The country is now plastered in posters denouncing Mr Soros for challenging Mr Orban’s hardline response to the Middle East refugee crisis. Mr Soros is accused of backing “illegal” immigration. Yet he has called for legal routes for those caught up in the worst of the region’s violence and for EU-wide quota arrangements to share the burden.

Mr Orban is careless of such distinctions. Last year he led an Islamophobic backlash against the refugees, saying they would steal the jobs of Hungarians and infiltrate terrorists. Hungary has refused to accept any EU quota.

Dominated by a huge image of a smiling Mr Soros, the posters exhort Hungarians not to let him “have the last laugh”. Some have been defaced with more overtly racist slogans — the imagery recalls the anti-Semitism that says Jews laugh at the fate of their supposed victims. Mr Soros survived the Holocaust by hiding from the Nazis in Budapest before fleeing to the US.

Andras Heisler, the president of the Federation of Hungarian Jewish Communities, says the billboards carry “toxic messages” from those times. Yossi Amrani, Israel’s ambassador in Budapest, has voiced the same fear, calling for them to be removed lest they sow “hatred and fear”.

Careful though it has been publicly to condemn anti-Semitism, Mr Orban’s government has been permissive of the xenophobia preached by the neo-Nazi Jobbik party. Jobbik leaders have suggested registration of the nation’s Jews. Opinion polls suggest the party is backed by a fifth of voters. Mr Orban, facing an election next year, does not want to be outflanked on the right.

In the circumstances it is more than puzzling that Mr Netanyahu should go ahead with the visit. True, Mr Soros has opposed the Israeli leader’s hawkish stance on peace with Palestinians — prompting the Israeli foreign ministry to accuse him of undermining “democratically elected governments”. But rising anti-Semitism in central Europe — a trend not confined to Hungary — should surely ring loud alarm bells.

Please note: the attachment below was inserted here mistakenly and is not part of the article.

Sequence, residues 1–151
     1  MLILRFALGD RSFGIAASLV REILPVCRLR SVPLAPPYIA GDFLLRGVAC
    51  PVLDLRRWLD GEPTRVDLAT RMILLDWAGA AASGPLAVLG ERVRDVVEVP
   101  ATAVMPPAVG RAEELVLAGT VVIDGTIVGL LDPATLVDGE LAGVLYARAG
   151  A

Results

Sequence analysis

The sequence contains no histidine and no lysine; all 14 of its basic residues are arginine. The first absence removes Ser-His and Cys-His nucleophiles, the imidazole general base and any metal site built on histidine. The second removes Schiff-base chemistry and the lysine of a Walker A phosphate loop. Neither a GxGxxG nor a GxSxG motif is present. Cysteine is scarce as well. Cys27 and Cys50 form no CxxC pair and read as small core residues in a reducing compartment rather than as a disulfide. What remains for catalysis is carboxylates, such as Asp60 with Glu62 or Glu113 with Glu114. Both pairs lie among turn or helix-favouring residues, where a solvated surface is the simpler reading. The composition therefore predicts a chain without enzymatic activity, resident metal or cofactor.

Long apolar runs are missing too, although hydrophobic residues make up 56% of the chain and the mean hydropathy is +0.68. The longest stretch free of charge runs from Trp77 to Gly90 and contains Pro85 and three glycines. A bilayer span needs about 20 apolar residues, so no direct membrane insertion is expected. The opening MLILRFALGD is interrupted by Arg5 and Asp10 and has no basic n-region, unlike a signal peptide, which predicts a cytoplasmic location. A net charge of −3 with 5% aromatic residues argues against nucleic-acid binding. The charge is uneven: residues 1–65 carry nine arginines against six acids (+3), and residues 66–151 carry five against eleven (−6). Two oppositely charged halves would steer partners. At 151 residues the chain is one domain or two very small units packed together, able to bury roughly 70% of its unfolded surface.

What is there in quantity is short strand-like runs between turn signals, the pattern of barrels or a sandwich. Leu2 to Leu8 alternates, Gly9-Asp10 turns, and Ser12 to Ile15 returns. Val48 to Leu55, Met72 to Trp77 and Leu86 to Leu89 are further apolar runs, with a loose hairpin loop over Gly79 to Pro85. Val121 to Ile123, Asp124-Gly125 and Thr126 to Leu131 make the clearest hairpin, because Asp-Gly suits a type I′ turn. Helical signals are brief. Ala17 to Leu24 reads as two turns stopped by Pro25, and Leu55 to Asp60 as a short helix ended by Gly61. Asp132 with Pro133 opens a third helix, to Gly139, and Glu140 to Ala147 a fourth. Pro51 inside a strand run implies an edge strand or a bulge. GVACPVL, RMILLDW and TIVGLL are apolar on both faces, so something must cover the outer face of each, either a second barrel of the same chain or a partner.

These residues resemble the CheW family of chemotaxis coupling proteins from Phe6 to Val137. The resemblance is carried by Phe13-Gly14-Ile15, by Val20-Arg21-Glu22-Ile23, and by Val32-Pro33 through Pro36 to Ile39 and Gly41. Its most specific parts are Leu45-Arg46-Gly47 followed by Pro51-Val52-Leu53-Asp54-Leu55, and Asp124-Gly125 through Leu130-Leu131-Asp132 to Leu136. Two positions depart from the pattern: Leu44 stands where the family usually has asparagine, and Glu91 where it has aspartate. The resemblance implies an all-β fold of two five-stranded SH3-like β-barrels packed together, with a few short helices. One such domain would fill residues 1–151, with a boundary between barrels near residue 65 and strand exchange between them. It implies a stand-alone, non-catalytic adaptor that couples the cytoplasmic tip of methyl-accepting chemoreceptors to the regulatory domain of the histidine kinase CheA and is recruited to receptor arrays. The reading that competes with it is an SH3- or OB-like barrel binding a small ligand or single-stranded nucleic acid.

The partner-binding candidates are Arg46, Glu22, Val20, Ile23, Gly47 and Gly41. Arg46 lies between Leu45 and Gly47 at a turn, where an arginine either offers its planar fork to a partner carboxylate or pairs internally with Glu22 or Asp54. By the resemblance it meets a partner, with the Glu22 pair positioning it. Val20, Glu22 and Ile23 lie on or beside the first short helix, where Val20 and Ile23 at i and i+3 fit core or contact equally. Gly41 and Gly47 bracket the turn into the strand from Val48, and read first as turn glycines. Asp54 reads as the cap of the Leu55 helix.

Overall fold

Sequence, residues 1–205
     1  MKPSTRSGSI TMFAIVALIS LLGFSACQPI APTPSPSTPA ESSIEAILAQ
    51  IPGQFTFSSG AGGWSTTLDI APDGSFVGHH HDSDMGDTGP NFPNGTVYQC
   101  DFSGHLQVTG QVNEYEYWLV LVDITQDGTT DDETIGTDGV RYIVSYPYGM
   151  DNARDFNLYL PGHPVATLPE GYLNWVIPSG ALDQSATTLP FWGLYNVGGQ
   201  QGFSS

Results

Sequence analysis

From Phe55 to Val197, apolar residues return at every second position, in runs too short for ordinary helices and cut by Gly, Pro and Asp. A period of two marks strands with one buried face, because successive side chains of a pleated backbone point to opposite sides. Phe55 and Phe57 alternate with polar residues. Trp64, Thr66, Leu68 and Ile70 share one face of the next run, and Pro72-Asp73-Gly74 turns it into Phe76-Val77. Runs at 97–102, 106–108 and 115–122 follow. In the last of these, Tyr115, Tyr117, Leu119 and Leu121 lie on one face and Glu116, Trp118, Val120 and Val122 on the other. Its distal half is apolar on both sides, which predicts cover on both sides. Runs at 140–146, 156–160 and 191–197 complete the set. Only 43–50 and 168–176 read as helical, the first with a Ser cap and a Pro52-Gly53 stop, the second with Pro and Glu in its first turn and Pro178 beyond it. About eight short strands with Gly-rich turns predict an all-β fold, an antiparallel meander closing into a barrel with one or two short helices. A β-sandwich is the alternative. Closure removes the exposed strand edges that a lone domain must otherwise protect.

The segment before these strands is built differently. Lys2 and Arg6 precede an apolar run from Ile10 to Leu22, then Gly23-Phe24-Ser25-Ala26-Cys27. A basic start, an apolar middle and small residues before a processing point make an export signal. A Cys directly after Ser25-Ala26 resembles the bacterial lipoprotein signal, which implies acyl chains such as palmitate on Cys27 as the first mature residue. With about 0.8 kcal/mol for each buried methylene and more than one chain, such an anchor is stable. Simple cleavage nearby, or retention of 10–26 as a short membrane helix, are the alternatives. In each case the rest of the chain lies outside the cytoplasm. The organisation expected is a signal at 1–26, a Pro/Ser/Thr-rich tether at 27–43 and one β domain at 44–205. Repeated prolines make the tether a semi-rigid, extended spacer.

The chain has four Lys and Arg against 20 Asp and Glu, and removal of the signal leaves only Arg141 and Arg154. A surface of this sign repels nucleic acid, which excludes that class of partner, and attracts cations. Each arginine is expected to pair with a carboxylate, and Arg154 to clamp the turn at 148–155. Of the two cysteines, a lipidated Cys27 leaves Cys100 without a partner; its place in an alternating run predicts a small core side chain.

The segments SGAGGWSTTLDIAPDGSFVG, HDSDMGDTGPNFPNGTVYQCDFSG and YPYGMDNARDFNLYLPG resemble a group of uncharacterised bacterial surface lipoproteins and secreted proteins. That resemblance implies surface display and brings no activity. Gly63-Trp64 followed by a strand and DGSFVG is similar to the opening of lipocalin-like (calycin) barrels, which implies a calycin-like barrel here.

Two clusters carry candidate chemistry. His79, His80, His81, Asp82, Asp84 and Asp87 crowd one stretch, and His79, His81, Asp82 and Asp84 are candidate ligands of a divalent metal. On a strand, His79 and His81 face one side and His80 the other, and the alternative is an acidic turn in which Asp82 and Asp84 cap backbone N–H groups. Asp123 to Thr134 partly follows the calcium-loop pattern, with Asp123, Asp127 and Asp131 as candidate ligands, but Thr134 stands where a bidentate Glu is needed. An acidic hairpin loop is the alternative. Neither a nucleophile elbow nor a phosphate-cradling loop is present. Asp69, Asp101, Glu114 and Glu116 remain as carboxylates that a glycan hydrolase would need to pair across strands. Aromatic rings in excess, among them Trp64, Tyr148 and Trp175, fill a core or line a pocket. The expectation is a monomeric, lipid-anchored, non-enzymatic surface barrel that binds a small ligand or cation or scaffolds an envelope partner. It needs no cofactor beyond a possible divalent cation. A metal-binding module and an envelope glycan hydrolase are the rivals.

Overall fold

In any event, Mr Netanyahu’s relaxed attitude should not be taken by Europeans as exculpation. Rising populism has exhumed the continent’s demons. Poland’s government, run by the rightwing strongman Jaroslaw Kaczynski, seeks out its own ethnic enemies as it dismantles democratic safeguards. Warsaw now airbrushes from history the role played by Polish collaborators in the murder of Jews. Like Hungary, Poland is a big beneficiary of EU financial assistance. Christian nationalism, casting Islam as a civilisational threat, is on the march also in Slovakia and the Czech Republic.

Other EU governments occasionally wag a finger of disapproval. The European Commission and Parliament have issued critical statements. But for the most part, the response is a frustrated shrug. Germany’s Chancellor Angela Merkel, an open critic of Mr Trump, is all but silent about Mr Orban.

This is not good enough. European leaders should remind themselves of Article 2 of the EU treaty — the one that says the union is founded “on the values of respect for human dignity, freedom, democracy, equality, the rule of law and respect for human rights, including the rights of persons belonging to minorities”. Then they should set about upholding these provisions.

On Netanyahu’s Orders: Israel’s Foreign Ministry Retracts Criticism of Antisemitism in Hungary and Slams George Soros

A day after Israel’s ambassador harshly called on the Hungarian PM to remove posters against the Jewish billionaire, the Foreign Ministry backtracks, says George Soros constantly undermines Israel’s governments

Barak Ravid, Haaretz
July 10, 2017

At the behest of the Israeli Prime Minister’s Office, the Foreign Ministry on Sunday retracted a statement issued the previous day by the Israeli ambassador to Hungary, which had called on Hungarian Prime Minister Viktor Orbán and his party to halt a poster campaign against Jewish-American financier George Soros on the grounds that it was fuelling antisemitism.

Foreign Ministry spokesman Emmanuel Nahshon issued a clarification that refrained from criticizing Orbán but also sharply criticized Soros himself, using claims similar to the ones being made against him by the Hungarian government:

“Israel deplores any expression of antisemitism in any country and stands with Jewish communities everywhere in confronting this hatred. This was the sole purpose of the statement issued by Israel’s ambassador to Hungary.

In no way was the statement meant to delegitimize criticism of George Soros, who continuously undermines Israel’s democratically elected governments by funding organizations that defame the Jewish state and seek to deny it the right to defend itself.”